As far as “solutions” go to this mess, New World’s placement and open offer remains the worst of options. If it didn’t break the law, it certainly allows the “regulated” rule breakers to escape the consequences of their reckless actions, at the expense of shareholders and unwitting holders of unsettled stock. Worse still and the placing and open offer also ran the risk of greatly exacerbating the unprecedented naked short position that the London Stock Exchange had allowed to develop, by not suspending New World on 29 April. If the London Stock Exchange now compounds these errors and admits the new shares to trading, it will set the most awful precedent for the future.
The moral hazard will be clear. Regulated firms on AIM can do whatever they damn well please, flagrantly flout all the rulebooks and fail to deliver their contractual obligations, so long as a pliant, unethical and immoral board of directors is ready and willing to bail them out.
This is why the London Stock Exchange has to act. Fortunately, it has it in its power to draw a line in the sand as to what is and what is not acceptable practice on AIM.
According to New World’s RNS last night “Application has been made to the London Stock Exchange for the total of 3,888,873,028 New Ordinary Shares to be admitted to trading on AIM”. The London Stock Exchange is under no obligation to accept these shares to trading. It is entirely its choice.
In deciding whether or not to admit New World’s new shares to trading this is the timeline the London Stock Exchange should base its decision on;
There is also the example of African Potash (AFPO) to consider. On 27 May, I revealed that this company’s conditional placement also appeared to have been forward sold, concurrently to New World’s. This would have been bad enough, but the fact that Cornhill Capital was that company’s placement agent too indicates a much wider problem. I reported the African Potash case both to the FCA and the London Stock Exchange.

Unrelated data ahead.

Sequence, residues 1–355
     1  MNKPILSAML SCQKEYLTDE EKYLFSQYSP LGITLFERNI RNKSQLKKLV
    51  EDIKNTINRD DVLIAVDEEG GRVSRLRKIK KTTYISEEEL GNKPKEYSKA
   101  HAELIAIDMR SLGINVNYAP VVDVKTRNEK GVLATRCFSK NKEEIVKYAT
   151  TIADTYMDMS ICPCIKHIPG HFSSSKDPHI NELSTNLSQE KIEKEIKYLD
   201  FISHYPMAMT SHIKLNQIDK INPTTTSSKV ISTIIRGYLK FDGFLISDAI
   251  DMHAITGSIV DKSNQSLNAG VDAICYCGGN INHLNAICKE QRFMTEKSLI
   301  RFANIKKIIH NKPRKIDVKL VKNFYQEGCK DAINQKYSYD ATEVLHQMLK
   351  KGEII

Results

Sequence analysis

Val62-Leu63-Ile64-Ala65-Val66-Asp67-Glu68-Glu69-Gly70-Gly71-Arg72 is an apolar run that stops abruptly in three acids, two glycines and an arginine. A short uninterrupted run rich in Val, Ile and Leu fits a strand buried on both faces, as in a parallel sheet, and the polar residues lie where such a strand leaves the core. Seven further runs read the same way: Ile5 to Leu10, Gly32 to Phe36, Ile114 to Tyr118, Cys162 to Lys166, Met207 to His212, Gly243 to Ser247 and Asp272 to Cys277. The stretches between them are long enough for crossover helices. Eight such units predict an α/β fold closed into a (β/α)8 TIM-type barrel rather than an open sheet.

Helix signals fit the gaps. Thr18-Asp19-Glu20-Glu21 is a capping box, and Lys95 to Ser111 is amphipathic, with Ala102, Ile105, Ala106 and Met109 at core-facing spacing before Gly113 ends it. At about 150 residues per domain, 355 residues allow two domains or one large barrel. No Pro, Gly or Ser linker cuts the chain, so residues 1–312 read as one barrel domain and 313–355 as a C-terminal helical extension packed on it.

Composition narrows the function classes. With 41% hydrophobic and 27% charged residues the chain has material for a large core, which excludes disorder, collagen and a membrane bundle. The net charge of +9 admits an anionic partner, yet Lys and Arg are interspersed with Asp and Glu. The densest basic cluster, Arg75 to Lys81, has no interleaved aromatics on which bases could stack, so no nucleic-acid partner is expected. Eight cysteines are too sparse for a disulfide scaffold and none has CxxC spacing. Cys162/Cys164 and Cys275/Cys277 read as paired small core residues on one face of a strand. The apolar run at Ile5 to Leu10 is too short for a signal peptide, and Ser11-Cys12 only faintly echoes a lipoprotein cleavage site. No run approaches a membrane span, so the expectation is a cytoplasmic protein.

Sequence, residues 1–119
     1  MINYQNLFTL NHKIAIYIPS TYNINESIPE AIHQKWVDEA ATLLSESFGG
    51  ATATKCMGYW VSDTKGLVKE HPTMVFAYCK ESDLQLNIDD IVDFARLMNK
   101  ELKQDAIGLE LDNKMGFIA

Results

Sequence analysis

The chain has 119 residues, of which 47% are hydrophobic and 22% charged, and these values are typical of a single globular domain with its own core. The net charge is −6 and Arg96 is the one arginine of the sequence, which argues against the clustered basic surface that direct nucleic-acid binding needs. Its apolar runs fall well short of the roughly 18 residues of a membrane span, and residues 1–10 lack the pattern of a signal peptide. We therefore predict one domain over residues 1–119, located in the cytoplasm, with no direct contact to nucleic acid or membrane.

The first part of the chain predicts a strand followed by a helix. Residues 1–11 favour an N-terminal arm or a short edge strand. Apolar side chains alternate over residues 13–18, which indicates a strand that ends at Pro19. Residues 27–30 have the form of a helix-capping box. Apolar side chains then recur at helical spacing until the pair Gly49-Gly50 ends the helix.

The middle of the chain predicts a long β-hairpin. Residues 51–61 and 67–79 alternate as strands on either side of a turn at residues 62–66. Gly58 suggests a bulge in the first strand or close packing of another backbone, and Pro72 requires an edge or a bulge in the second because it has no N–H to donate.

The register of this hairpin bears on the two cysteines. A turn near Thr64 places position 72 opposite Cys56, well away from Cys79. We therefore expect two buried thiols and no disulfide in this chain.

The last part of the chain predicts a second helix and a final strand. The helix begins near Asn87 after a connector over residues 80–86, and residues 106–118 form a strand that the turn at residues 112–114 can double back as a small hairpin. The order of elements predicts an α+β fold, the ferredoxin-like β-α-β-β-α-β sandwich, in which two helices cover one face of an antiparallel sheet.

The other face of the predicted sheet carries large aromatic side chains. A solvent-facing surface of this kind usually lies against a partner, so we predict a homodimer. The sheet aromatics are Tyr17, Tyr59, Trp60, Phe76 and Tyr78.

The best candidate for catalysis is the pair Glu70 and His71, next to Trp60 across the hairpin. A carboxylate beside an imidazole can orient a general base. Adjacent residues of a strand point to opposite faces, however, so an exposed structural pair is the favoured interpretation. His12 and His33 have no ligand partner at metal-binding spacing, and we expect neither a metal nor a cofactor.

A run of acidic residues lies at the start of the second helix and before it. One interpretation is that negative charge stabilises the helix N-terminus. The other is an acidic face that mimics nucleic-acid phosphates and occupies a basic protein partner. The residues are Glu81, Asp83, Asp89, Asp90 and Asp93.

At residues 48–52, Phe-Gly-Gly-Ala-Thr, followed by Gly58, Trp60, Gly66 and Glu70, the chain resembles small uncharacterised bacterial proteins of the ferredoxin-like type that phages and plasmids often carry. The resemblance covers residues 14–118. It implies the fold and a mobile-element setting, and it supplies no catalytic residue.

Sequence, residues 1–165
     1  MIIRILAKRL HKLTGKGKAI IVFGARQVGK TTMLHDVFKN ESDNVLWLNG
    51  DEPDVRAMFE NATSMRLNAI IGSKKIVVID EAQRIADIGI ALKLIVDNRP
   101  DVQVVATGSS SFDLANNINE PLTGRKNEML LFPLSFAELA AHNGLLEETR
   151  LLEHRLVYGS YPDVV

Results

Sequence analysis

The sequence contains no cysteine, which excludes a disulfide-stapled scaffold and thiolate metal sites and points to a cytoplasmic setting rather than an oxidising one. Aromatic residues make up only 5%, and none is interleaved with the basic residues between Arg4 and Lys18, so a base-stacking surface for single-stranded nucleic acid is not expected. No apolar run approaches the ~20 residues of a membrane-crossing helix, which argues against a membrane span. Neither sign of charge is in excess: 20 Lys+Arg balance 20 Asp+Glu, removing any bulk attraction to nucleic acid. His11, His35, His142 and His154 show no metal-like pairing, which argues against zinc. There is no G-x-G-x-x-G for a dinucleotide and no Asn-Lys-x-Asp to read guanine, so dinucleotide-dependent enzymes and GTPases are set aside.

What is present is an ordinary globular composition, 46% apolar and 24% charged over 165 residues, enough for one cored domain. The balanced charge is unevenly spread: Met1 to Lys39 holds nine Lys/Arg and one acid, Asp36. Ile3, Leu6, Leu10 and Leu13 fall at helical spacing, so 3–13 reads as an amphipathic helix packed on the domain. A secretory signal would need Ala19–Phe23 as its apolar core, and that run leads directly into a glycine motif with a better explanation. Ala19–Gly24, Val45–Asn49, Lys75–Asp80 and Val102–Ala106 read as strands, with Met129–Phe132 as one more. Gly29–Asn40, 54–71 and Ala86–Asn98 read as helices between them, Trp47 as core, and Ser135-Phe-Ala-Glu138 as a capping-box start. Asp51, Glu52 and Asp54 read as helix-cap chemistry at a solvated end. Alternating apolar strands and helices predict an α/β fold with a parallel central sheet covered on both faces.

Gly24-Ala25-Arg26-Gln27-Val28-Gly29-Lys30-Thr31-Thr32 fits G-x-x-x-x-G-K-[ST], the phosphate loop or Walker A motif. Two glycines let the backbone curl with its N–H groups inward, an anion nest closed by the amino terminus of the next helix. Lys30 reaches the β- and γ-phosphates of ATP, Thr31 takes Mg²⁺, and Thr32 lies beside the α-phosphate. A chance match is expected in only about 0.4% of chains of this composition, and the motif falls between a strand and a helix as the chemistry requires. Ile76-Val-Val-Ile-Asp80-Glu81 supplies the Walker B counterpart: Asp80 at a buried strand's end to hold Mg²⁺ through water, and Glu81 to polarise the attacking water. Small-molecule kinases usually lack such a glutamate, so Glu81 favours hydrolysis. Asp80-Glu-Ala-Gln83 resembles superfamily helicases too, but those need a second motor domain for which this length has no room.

If the London Stock Exchange admits New World’s shares to trading, apart from destroying the last pretense that AIM is an effectively regulated market, it will also sanction obscene rewards to the regulated firms responsible for this mess, to the cost of hundreds of retail investors. Specifically:
What is all the more confusing about the London Stock Exchange’s lack of response to the chaos caused by the forward selling of New World’s unconfirmed placement is that there was a clear precedent for how it should have acted from the Room Service scandal of 2003/04. The similarities between what happened with Room Service and has happened recently with New World are striking. The London Stock Exchange has been fully aware of this since the latest scandal began, but has decided to overlook these details, for reasons only it can explain.
The failure of regulated market participants to settle trades, as they were contractually obliged to do, significantly and detrimentally impacted the lawful rights of hundreds of private investors. Not only were these people denied the right to participate in the vote at New World’s EGM, they also were not able to get their stock rematerialized so that they could join the official shareholder action group. If shareholder rights are to mean anything on AIM, the London Stock Exchange surely cannot allow New World’s placement and open offer shares to be admitted to trading.
Instead, the London Stock Exchange should work closely with the FCA, investigate the circumstances and firms that caused the forward selling controversy and pursue a negotiated settlement for all holders of unsettled stock. This is the only equitable and just solution to this fiasco and it will be interesting to see how well the London Stock Exchange upholds the integrity of its market.